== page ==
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Faire Be the Cantata Singers


Arvo Pärt (Laupo Kikkas photo)

Extraordinarily beautiful music we rarely hear, Tomás Luis de Victoria’s Officium Defunctorum, Arvo Pärt’s Berliner Messe, and William H. Harris’s Faire is the Heaven, closed Cantata Singers’ 54th season.

Every few years I experience something at the always-satisfying Cantata Singers’ concerts that sears itself into my ears, and yes, even my soul. It happened three years ago at Wellesley College’s Houghton Chapel [HERE] with Rachmaninoff’s All-Night Vigil, and again this Sunday afternoon as I listened at Boston’s L. C. Tiffany extravaganza, the Church of the Covenant, to Tomás Luis de Victoria’s Official Defunctorum, another lengthy otherworldly experience. The whole concert was astonishingly moving, full of grace and beauty; the music and singing reached levels most extraordinary. Of the ten singers who took solo turns,  Jennifer Webb’s exquisite delivery particularly struck me.  

Hoose describes the Officium as “music that breathes with subtle inflections, nuanced character and quietly expressed emotion… infused with elegant wonders.” Nicely said. It speaks directly to Victoria’s Requiem, making them perfect when played back to back.

He deftly piloted the singers through the shoals of Victoria’s intricate vocal writing, which the engaging pre-concert lecturer, William Cutter, explained “fooled around with cross relationships,” and was chock full of accidentals, alterations of pitches for expressivity (say, to express mourning), and (horrors!) besmirched counterpoint, rather than Palestrina’s “squeaky clean harmony.” Victoria would, for example, use an augmented triad to express weeping. Fancy shop talk aside, the Victoria was one of my most treasured discoveries in nine years of music reviewing in Boston.

Of the Berliner Messe Hoose writes:

Pärt’s music was atonal and dense in its resemblance to the European composers like Schnittke and Sofia Gubaidulina. His music’s “formalist tendencies”- rejection of socialist realism, strict adherence to twelve-tone music, and experimentation with collage techniques” plus his overt embrace of Orthodox Christianity, proclaimed in his 1968 “Credo,” that led to a ban of his music and for many years his name disappeared from Soviet lists of composers. After the fall of the USSR, theorist Yuri Kholopov allowed that ’God and Jesus Christ were bigger enemies to the Soviet regime than Boulez or Webern.’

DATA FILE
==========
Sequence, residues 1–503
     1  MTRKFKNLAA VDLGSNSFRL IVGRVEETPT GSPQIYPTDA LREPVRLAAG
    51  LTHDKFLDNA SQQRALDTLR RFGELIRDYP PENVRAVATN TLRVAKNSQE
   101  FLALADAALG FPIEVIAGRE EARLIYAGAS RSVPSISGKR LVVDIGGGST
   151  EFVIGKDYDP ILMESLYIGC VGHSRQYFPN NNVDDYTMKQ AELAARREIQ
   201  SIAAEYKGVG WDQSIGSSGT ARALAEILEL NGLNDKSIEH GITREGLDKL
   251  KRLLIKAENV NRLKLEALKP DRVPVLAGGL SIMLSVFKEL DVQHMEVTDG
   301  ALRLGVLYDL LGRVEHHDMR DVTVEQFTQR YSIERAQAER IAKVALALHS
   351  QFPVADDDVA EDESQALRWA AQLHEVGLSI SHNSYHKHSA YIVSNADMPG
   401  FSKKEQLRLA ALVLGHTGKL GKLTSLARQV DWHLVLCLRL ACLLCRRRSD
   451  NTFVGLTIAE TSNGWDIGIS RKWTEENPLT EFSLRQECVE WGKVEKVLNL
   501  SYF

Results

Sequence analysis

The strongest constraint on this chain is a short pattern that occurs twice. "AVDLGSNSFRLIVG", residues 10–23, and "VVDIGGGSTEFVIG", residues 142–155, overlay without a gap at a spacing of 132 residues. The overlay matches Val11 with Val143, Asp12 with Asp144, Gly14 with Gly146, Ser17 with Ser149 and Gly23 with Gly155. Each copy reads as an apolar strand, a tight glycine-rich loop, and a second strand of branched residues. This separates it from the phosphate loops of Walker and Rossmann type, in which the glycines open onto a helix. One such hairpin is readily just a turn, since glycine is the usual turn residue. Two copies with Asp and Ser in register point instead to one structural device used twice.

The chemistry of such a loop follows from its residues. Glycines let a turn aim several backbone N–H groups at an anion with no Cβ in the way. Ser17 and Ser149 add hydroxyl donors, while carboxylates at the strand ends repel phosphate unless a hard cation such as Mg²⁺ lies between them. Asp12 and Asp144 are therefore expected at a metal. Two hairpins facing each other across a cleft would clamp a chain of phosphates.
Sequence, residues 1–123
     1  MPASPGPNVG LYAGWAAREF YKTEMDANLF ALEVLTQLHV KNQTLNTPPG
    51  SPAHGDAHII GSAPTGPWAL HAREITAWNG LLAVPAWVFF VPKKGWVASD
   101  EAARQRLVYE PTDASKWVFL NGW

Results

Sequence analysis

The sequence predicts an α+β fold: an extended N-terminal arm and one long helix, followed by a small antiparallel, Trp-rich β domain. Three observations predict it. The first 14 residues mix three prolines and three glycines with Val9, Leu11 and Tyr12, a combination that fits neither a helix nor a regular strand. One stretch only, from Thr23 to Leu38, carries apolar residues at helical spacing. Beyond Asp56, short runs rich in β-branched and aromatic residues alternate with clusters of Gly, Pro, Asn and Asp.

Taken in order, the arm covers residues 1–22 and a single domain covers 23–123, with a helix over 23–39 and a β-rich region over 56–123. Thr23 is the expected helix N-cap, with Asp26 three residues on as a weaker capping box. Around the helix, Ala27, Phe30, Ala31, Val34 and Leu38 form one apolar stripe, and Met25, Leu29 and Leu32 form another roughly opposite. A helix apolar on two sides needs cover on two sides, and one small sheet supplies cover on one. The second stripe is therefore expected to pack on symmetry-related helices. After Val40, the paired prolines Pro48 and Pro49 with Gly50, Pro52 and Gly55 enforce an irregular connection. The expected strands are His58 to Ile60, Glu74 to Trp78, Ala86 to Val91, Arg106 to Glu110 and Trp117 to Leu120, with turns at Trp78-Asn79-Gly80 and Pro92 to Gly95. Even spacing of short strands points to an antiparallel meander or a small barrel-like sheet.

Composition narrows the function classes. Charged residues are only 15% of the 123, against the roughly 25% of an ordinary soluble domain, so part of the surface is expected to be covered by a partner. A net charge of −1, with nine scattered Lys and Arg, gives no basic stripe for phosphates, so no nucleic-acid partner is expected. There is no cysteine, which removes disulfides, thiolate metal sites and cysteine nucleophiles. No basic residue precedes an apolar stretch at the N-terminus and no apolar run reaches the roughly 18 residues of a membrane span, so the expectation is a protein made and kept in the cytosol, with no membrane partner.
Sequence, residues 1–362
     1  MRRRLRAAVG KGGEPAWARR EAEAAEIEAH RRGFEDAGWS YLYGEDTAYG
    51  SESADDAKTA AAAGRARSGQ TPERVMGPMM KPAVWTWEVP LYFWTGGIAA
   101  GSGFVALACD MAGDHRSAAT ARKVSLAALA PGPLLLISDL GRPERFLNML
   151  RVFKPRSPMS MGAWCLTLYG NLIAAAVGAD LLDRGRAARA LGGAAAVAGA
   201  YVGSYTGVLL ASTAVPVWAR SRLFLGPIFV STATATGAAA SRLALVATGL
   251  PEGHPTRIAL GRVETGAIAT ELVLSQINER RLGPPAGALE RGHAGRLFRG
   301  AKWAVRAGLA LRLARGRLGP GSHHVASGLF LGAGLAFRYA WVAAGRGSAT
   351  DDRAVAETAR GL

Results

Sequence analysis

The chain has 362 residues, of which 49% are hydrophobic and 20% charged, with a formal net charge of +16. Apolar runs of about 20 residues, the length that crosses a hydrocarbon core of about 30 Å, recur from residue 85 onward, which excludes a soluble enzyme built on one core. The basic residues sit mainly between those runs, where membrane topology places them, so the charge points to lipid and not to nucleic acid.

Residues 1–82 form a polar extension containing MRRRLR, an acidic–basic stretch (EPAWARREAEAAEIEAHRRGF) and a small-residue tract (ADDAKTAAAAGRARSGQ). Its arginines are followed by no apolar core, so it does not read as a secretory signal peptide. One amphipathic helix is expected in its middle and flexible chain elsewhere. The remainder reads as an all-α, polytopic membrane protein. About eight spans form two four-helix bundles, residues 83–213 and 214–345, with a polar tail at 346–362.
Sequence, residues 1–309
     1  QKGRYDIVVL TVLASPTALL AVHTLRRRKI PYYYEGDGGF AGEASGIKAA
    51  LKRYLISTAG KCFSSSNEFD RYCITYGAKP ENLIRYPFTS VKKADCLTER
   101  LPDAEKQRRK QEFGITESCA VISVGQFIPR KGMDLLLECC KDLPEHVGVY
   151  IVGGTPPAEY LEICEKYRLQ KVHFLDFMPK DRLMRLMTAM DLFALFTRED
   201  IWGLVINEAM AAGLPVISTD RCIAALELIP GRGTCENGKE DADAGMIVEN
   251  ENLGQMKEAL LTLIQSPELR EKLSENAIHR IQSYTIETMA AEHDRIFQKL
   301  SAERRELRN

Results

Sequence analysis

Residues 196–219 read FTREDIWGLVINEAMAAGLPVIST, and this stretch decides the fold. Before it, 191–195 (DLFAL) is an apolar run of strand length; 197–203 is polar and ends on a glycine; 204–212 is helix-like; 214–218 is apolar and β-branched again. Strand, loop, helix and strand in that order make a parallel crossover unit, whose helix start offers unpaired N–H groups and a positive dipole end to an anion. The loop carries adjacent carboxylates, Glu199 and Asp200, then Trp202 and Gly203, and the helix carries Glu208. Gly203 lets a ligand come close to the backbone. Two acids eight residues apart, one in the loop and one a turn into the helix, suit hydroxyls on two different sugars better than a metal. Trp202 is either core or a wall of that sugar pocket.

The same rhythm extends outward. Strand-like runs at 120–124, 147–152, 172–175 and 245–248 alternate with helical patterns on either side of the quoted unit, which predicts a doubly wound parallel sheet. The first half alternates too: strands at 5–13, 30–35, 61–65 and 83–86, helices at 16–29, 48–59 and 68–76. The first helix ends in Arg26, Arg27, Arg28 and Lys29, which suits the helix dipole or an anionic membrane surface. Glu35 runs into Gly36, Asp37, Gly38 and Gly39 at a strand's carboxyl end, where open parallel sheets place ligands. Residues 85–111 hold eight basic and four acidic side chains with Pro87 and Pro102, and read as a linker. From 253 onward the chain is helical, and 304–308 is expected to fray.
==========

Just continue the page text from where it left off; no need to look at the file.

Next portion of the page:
What followed from the late 1960s until the early 1970s were Pärt’s silent, reclusive years, from which he emerged with a new, numinous harmonic language characterized by widely spaced pitches, open intervals, an absence of chromaticism, and dissonance created through diatonic means or by carefully constructed tone clusters, as well as a technique, tintinnabuli, that applies various inversions of a chord so as to evoke the pealing of bells with rich unfolding overtones. During his years of quiet, Pärt studied Gregorian chant, music of Renaissance music of Victoria, Lassus, and Palestrina, and his two Renaissance counterparts, Pärt’s post-1976 works seem endowed with a numinous quality which makes some listeners feel transported ecstatically outside of the confines of time.

Faire Is the Heaven (1925) is the towering masterpiece of English composer, conductor, and organist Sir William Henry Harris (1883-1973), set to poetry of Edmund Spenser (c. 1552-1599), from a “Hymn of Heavenly Beauty” (1596). 

Faire is the heav’n where happy soules have place. In full enjoyment of felicitie;

Whence they doe still behold the glorious face
Of the Divine Eternall Majestie;

Yet farre more faire be those bright Cherubins Which all with golden wings are overdight.

And those eternall burning Seraphins
Which from their faces dart out fiery light;

Yet fairer than they both, and much more bright, Be th’ Angels and Archangels which attend
On God’s owne Person without rest or end.

These then in faire each other farre excelling, As to the Highest they approach more neare. Yet is the Highest farre beyond all telling

Fairer than all the rest which there appear, Though all their beauties joynd together were; How then can mortall tongue hope to expresse The image of such endless perfectnesse?

The two four-part choirs are mostly treated antiphonally, each group responding to music sung by the other, as Harris reserves the full power of eight voices for moments that are either especially dramatic (as at “fiery light” and “each other far excelling”) or peacefully sacrosanct (“God’s own person”, “endless perfectness”). The audience loved this piece, clapping so persistently that they were treated to a repeat performance. Concerts don’t get much more moving than this one.

Susan Miron is a book critic, essayist, and harpist. She writes about classical music and books for The Arts Fuse. Her last two CDs featured her transcriptions of keyboard music of Domenico Scarlatti.

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